browsing vs validation, or, why not to make software email@example.com (Marc Andreessen)
Date: Wed, 18 Aug 93 18:00:23 -0500
From: firstname.lastname@example.org (Marc Andreessen)
To: Terry Allen <email@example.com>
Cc: firstname.lastname@example.org, email@example.com
Subject: browsing vs validation, or, why not to make software robust
Terry Allen writes:
> Marc, with respect, your browser puts out a lot of error messages.
> What's so hard about reporting that the document is marked up
> incorrectly---even if you don't report all SGML errors?
> For example, I recently found that one of our editors, an
> experienced typographer, had created a set of heads that
> looked like this:
> Because they looked okay in Xmosaic, she didn't bother to
> parse the document.
Clearly Mosaic's fault. I can smell it coming.......
> But she had an illegal, ambiguous, construction. Can't your parser
> tell when it hits something like this?
........and there it is.
Why can't the document be validated via standard validation
mechanisms? Why must the display mechanism be overloaded as the
authoring mechanism as well?
OK, this is confusing me. When I'm at O'Reilly I meet people who tell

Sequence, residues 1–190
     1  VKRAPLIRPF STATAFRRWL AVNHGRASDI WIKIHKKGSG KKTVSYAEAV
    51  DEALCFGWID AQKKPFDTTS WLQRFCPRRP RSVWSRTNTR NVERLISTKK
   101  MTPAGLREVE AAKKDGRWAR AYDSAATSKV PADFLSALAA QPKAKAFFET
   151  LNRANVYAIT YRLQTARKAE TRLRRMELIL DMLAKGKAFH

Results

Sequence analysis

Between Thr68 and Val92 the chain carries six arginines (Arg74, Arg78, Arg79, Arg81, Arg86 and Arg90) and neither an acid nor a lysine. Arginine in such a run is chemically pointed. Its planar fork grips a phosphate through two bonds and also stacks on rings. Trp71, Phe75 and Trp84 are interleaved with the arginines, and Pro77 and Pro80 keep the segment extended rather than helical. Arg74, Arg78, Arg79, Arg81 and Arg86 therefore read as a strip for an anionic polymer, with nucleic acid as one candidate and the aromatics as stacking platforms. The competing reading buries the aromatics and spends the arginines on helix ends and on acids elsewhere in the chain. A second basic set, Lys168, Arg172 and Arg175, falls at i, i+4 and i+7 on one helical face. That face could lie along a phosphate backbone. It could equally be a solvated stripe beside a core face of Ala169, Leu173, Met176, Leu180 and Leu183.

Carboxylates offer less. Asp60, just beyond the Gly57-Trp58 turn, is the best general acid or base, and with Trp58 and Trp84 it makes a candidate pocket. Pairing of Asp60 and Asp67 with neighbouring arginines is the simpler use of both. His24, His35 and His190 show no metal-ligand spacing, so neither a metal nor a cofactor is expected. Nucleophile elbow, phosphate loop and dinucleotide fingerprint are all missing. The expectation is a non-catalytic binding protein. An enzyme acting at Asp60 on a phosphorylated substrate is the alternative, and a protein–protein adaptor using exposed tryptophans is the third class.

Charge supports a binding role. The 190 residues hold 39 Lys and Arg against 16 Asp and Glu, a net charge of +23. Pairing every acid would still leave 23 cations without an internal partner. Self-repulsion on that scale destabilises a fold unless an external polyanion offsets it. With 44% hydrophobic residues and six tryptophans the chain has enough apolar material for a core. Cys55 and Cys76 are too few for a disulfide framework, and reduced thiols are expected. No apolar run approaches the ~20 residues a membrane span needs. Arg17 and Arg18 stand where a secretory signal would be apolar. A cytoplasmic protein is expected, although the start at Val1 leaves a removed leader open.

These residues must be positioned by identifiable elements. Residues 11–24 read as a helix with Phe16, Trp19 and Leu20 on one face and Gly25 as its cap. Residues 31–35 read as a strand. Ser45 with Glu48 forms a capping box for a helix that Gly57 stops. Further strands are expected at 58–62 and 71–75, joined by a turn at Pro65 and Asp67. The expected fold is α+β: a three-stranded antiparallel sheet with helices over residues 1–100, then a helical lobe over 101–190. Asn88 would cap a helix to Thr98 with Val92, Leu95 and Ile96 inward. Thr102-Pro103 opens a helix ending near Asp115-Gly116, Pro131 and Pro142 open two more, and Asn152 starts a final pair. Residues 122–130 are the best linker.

me, wow, Mosaic is wonderful, it handles anything you throw at it
without complaining, it's the most robust thing I've ever seen (as
close to verbatim as I can remember). Now, someone else from O'Reilly
is telling me the exact opposite. Huh???
> Of course, it is good practice for publishers (that means all of us
> if we put up files at our sites) always to parse their files before
> archiving them.
Folks, don't complain to us because Mosaic is robust. Come on.
For the record: the really big reason Mosaic does not report errors
and will not in the forseeable future is because DOING SO WOULD
REQUIRE WORK and we have our hands full doing other, more important
things (better widgetry and HTML+, fill-out forms, HTTP/1.0 and WAIS,
bugfixes, support, etc.). The other reason, which isn't even coming
into play because of the first reason but which otherwise would, is
that Mosaic is a browsing environment, not an authoring tool.
This, to me, looks like a prime opportunity for O'Reilly to put one of
its people on writing, distributing, and supporting a small,
efficient, and user-friendly HTML-lint.